Quick Look at Core M 5Y70 and Llama Mountainby Joshua Ho on September 10, 2014 2:36 PM EST
Today, Intel showed off a reference design codenamed Llama Mountain, which is an incredibly thin tablet running Intel's Core M 5Y70. While we've covered Core M previously it's worth going over again for those unfamiliar with this chip. For reference, it's the first shipping implementation of Broadwell and designed to target a 4.5W TDP. This means that it's fully possible to integrate a full Windows PC into a thin, fanless formfactor. We've already seen the announcement of the ThinkPad Helix 2 with Core M, so it's clear that this new chip can support such formfactors.
One of the biggest surprises for me was how much smaller the PCB was in Llama Mountain. For reference, the photo above is from our Surface Pro teardown. The PCB takes up almost the entirety of the tablet, and there's a great deal of extra thickness from the fans in the device. I managed to get a photo of the entire Llama Mountain board below. The second green PCB contains the storage (a SanDisk iSSD solution) and a WiFi chip (Intel 7260AC).
The resulting tablet is incredibly light at 684 grams. For reference, the iPad Air is 469 grams. Of course, the real question is whether the extra ~200 grams is worth it. To get an idea of whether or not it is, Intel showed the performance of Llama Mountain in Sunspider 1.0.2 and 3DMark Ice Storm Unlimited. I've put the results into the graphs below.
Needless to say, the Core M 5Y70 is the fastest tablet that we have test results for. The Surface Pro line has 15W TDP parts, while Core M operates in a 4.5W TDP. However, for this reference design Intel is leveraging the large amount of surface area to drive a 6W TDP. Despite this, it seems that it manages to equal or better the Surface Pro line in performance. Intel also emphasized that only an aluminum back cover would be needed to dissipate the heat to keep costs down. In fact, there were versions of Llama Mountain with copper and gold-plated back covers, but had no noticeable effect in performance. I'm definitely looking forward to future tablets and 2-in-1 devices launching with this chip, as this could enable laptop levels of performance in a tablet formfactor without the compromise we see now.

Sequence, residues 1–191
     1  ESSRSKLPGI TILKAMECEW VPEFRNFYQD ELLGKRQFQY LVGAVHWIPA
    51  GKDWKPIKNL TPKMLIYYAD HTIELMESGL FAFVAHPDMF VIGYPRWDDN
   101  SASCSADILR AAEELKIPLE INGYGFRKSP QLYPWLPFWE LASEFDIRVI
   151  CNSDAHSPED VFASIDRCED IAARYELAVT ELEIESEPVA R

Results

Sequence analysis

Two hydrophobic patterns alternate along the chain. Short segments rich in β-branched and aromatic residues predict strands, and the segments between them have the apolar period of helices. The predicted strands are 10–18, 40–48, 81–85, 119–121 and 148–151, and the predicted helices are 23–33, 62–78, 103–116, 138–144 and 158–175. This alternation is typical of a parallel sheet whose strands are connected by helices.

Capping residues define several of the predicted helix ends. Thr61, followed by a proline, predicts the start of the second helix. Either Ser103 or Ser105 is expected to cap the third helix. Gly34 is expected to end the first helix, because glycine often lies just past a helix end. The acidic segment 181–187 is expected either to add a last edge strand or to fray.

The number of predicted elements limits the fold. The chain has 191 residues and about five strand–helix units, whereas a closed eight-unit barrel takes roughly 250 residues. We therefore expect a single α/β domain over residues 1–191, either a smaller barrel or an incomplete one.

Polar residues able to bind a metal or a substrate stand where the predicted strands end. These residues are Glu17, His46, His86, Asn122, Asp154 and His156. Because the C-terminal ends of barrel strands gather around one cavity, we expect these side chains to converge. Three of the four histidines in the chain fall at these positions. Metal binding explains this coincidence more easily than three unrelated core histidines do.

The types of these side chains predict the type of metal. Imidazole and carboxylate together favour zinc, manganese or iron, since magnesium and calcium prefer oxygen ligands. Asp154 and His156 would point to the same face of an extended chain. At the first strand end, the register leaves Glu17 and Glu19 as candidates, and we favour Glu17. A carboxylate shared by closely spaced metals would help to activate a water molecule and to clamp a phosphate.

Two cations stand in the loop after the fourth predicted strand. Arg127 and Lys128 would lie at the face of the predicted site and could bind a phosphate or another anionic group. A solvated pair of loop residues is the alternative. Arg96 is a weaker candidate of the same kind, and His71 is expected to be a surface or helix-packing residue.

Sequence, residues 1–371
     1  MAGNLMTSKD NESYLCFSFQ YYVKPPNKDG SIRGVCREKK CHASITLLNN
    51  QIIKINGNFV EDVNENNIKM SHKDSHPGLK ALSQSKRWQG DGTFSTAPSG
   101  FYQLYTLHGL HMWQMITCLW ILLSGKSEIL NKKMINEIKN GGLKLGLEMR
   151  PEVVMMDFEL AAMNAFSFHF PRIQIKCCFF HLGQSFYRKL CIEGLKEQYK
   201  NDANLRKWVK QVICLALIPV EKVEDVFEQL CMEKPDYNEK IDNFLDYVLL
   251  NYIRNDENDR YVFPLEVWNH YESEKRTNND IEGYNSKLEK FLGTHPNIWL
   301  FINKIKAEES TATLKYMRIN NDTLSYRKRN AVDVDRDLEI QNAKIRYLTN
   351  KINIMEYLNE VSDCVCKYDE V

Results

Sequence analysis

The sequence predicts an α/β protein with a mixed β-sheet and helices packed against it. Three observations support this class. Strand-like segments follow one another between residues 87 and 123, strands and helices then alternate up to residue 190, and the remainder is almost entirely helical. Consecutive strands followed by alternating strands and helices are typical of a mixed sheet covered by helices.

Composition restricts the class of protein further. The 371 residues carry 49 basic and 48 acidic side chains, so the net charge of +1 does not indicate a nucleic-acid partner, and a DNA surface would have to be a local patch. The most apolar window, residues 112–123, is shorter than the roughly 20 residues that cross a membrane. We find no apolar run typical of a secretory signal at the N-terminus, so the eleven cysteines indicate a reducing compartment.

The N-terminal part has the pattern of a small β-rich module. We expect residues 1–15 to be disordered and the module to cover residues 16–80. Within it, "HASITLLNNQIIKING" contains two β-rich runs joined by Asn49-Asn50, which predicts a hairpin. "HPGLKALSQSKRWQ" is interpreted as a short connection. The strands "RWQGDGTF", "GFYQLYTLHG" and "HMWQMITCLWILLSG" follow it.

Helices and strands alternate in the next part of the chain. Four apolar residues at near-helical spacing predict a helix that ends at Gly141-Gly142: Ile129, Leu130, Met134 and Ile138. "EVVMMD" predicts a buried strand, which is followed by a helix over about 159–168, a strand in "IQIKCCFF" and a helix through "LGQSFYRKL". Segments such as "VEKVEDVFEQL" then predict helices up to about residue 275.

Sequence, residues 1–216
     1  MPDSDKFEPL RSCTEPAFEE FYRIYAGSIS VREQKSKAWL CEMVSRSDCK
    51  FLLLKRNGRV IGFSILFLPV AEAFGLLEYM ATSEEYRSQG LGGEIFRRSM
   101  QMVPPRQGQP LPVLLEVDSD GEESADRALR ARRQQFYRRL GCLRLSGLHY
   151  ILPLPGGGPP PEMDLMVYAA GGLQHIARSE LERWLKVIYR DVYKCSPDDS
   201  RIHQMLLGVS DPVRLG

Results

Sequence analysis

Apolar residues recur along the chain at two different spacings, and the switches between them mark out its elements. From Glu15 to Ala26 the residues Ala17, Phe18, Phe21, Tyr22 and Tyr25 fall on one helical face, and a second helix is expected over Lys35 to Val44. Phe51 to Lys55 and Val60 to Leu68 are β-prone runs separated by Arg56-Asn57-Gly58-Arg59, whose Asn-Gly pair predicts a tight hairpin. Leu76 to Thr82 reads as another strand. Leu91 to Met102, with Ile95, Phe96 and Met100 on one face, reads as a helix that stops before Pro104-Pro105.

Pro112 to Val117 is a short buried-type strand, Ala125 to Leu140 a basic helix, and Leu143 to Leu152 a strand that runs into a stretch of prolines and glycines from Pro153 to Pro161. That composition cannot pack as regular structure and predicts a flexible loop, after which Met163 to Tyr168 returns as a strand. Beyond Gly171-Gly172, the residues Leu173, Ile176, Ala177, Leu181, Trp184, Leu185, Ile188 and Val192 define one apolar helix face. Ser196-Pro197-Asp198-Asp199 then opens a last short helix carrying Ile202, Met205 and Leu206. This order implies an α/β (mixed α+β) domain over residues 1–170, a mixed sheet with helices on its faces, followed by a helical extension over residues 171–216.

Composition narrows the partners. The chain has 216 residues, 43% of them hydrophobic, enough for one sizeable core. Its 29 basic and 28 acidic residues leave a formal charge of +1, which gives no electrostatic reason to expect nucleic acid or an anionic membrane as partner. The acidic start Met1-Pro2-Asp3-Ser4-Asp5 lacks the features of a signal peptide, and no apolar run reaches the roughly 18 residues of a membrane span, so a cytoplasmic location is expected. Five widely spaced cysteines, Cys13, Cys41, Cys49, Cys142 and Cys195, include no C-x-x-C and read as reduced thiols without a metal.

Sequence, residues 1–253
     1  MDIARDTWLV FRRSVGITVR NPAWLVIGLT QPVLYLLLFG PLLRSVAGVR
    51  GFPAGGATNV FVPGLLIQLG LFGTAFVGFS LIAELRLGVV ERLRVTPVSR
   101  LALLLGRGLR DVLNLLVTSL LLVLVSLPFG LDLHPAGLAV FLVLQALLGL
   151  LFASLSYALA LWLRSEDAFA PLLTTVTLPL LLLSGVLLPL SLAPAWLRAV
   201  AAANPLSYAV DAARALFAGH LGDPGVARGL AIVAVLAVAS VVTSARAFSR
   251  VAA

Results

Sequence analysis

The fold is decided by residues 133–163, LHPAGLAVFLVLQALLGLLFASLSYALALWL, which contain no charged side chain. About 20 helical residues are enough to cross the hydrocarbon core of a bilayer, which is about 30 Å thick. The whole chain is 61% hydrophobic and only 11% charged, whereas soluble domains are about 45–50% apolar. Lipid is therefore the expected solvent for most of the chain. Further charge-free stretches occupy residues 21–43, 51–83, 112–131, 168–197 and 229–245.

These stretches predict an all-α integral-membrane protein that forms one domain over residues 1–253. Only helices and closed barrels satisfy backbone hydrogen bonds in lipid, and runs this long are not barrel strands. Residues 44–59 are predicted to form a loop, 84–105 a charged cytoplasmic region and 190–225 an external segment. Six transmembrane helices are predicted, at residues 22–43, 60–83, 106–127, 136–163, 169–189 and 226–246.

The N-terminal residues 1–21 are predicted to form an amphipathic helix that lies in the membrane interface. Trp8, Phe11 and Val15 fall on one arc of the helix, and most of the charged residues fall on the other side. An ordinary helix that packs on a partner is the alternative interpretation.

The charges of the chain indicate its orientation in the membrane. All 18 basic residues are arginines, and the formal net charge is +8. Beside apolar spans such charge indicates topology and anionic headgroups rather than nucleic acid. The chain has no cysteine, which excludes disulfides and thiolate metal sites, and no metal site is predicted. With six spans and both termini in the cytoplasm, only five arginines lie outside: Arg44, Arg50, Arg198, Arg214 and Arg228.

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liahos1 - Wednesday, September 10, 2014 - linkare you going to be able to do a deeper benchmark analysis on the reference device?
B3an - Wednesday, September 10, 2014 - linkThis NEEDS to be in the Surface Pro 4 now...
frostyfiredude - Wednesday, September 10, 2014 - linkSo long as sustained performance isn't way lower than shown, this is def a huge win for Surface Pro. Similar performance to i5 SP3 at 1/3 the power use, awesome.
mkozakewich - Wednesday, September 10, 2014 - linkIf it was, I imagine they'd just keep their current fan-cooled chassis. Still, the TDP is 5 Watts. At full power, it would only display a third of the heat.
craighamilton - Saturday, December 6, 2014 - linkThere are a number of higher rated phones, I recommend seeing http://www.topreport.org/tablets/ among others.
nofumble62 - Thursday, September 11, 2014 - linkNo, these chips must go in the Macbook Air first.
Wolfpup - Monday, September 29, 2014 - linkEh. I'm SUPER excited about a potential Surface Pro that's fanless. Frankly right now I wish there was an Atom model, as I love everything about the Surface Pro 3 save that I don't want a fan since I'll be using it heavily as an ereader.
I think 2nd gen Atom already has the performance I need...but hey, I'll take a 4.5-6 watt chip with the performance of a 15 watt Haswell!
Spunjji - Monday, November 10, 2014 - linkLate reply... but FYI, the Surface Pro 3 fan doesn't engage when you're using it that lightly.
halo37253 - Monday, November 3, 2014 - linkLame. Unless you just want to check your facebook.
Honestly Would like to see a Windows Convertible laptop/tablet with one of these chips. Though even a new Surface Pro using one would be nice. Though I hope the keep the fans, and give the machines less chance of throttling. Would be great during those long Civ 5 matches.
Stochastic - Wednesday, September 10, 2014 - linkWould this enable an even thinner/lighter Surface Pro 4? Or perhaps they could retain the same chassis but have the benefit of reduced thermal throttling.